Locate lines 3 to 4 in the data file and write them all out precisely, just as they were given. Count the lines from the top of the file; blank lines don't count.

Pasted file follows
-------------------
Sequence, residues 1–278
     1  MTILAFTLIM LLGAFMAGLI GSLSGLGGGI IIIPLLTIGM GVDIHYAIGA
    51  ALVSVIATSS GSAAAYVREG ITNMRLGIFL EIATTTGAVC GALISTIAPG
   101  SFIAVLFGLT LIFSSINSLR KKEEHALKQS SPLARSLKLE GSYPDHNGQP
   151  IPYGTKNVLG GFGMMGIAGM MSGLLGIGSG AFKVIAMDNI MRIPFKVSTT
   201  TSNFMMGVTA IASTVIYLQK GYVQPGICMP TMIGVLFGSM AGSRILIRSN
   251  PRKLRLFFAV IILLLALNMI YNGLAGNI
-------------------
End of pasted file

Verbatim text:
    51  ALVSVIATSS GSAAAYVREG ITNMRLGIFL EIATTTGAVC GALISTIAPG
   101  SFIAVLFGLT LIFSSINSLR KKEEHALKQS SPLARSLKLE GSYPDHNGQP